(Updates with austerity vote in third paragraph, Hellenic Petrol production in sixth.)
Oct. 11 (Bloomberg) -- Greek petroleum refinery workers called an indefinite strike beginning today to oppose government plans to cut wages and change work rules.
“This will be a struggle for as long as is necessary,” the Athens-based Panhellenic Federation of Employees in Petroleum Products and Refineries said in a statement on its website. “The government wants to dissolve unions.”
Finance Minister Evangelos Venizelos said today that a law on lower wages and pensions for state workers will be pushed through Parliament next week. International creditors are pressing for permanent spending cuts to allow the release of an 8 billion-euro ($10.8 billion) loan under a May 2010 bailout.
A European Union, International Monetary Fund and European Central Bank mission, the so-called troika, said today Greece has made “important progress.” The country may need additional measures in 2013 and 2014 to meet budget targets, according to an e-mailed statement from the European Commission.
Approval of the mission’s findings by Euro area finance ministers and the IMF board will allow the loan to be released, according to the statement.
Hellenic Petroleum SA, Greece’s biggest refiner, processes 312,000 barrels of oil a day at its three refineries, according to data compiled by Bloomberg. Motor Oil Hellas SA is the second-biggest refiner in the country.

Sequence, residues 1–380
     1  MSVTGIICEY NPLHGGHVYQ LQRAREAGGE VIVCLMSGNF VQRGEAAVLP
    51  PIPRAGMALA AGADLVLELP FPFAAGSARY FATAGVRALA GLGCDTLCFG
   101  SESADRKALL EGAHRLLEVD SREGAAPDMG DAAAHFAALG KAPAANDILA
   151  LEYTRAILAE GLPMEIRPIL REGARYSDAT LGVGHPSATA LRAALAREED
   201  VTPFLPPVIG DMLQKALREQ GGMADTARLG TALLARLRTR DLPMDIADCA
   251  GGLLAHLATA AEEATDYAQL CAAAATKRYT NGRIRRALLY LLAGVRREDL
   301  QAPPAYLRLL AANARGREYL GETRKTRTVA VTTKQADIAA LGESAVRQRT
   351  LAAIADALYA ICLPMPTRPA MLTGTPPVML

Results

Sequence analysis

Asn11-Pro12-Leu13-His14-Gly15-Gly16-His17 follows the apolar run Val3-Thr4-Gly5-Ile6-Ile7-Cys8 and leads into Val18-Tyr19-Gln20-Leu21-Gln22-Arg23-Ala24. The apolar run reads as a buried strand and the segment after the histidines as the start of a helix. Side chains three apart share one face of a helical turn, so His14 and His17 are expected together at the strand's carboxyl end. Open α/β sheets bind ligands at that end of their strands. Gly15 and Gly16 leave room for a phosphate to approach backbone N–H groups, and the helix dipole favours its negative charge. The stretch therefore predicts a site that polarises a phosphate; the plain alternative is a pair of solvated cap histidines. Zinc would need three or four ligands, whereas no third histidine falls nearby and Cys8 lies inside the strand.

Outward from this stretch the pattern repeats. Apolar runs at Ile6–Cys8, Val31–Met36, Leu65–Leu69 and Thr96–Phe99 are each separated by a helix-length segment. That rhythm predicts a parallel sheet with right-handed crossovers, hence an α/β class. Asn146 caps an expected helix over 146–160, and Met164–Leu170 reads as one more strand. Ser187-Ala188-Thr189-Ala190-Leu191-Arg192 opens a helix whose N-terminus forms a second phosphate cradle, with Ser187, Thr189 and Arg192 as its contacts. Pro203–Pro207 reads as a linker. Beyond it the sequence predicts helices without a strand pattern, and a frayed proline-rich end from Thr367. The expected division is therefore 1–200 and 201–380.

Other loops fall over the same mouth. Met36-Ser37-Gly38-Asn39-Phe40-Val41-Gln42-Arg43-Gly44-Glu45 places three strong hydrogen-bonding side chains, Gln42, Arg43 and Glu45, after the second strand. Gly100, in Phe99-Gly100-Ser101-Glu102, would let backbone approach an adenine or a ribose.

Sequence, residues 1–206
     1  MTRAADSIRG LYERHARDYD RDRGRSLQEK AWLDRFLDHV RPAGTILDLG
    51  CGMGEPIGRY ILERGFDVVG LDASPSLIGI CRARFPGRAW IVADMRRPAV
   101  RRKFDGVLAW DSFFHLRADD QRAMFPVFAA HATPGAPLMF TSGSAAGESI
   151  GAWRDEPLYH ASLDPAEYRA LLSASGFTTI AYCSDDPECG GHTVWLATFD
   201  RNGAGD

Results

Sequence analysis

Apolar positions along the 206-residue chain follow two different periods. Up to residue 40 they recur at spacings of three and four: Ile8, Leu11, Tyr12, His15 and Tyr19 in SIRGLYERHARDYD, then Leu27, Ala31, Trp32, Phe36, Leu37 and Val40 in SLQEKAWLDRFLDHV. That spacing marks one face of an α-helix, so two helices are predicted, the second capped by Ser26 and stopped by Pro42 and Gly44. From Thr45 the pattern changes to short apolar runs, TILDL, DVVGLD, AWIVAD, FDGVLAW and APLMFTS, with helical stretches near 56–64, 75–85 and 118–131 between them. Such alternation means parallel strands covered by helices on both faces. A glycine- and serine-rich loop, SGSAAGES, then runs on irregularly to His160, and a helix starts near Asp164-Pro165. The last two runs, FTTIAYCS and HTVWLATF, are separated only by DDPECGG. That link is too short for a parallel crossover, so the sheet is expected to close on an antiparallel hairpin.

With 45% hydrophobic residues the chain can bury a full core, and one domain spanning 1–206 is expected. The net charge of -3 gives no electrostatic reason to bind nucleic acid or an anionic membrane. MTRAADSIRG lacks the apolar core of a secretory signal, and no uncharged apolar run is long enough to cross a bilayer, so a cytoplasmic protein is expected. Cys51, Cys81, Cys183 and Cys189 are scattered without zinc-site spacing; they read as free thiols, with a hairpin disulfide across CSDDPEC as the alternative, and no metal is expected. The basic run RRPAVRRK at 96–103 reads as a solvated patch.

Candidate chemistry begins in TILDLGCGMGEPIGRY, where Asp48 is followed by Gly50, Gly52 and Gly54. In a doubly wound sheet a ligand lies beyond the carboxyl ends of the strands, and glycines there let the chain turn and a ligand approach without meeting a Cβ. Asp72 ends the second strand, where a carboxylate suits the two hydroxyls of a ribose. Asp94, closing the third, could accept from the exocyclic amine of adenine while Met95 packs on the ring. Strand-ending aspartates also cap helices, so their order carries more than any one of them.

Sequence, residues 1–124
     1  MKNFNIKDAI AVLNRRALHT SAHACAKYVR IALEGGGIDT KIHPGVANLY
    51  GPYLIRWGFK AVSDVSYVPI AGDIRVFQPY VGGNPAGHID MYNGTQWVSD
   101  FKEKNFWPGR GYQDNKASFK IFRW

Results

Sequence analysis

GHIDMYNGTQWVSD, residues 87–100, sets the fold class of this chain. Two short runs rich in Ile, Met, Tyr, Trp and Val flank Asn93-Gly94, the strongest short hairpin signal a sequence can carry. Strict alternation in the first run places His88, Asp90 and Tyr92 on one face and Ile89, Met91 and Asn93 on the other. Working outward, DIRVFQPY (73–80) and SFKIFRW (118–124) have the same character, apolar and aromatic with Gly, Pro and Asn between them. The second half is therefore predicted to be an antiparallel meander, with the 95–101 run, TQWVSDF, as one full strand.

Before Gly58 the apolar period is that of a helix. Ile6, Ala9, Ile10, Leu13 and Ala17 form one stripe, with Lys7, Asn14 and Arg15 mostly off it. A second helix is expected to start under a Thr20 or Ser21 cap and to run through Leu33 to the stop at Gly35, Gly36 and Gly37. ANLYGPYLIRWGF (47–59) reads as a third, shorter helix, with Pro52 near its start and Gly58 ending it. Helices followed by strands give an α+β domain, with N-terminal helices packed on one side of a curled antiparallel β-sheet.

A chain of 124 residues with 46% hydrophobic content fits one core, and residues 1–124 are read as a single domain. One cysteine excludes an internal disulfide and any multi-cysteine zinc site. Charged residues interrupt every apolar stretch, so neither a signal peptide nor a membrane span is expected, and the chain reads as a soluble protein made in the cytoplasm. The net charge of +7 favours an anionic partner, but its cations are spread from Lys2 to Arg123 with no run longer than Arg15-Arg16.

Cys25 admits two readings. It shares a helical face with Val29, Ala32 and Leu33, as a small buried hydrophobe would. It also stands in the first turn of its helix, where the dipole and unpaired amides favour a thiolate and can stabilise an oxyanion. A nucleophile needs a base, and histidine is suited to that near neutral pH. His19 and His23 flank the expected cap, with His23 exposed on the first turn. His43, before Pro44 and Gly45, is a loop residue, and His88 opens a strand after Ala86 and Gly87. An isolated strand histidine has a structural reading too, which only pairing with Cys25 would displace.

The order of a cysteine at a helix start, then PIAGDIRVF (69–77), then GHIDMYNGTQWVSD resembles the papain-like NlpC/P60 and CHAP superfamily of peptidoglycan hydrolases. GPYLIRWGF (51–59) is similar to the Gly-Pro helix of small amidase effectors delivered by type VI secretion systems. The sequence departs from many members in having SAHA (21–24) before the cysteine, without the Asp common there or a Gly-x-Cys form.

Union opposition to the government’s budget measures is mounting. The country’s two biggest worker groups plan a two-day strike from Oct. 18, NET Radio reported yesterday, without saying where it got the information.
Today, state workers blocked access to the Interior Ministry, General Accounting Office and state-run Agricultural Bank of Greece SA in Athens, according to state-run Athens News Agency. Strike action by municipal workers over the past two weeks has left piles of garbage on Athenian streets. Culture Ministry employees will strike for 48 hours as of tomorrow, shutting down museums and archaeological sites.
--Editors: Maria Petrakis, Zimri Smith
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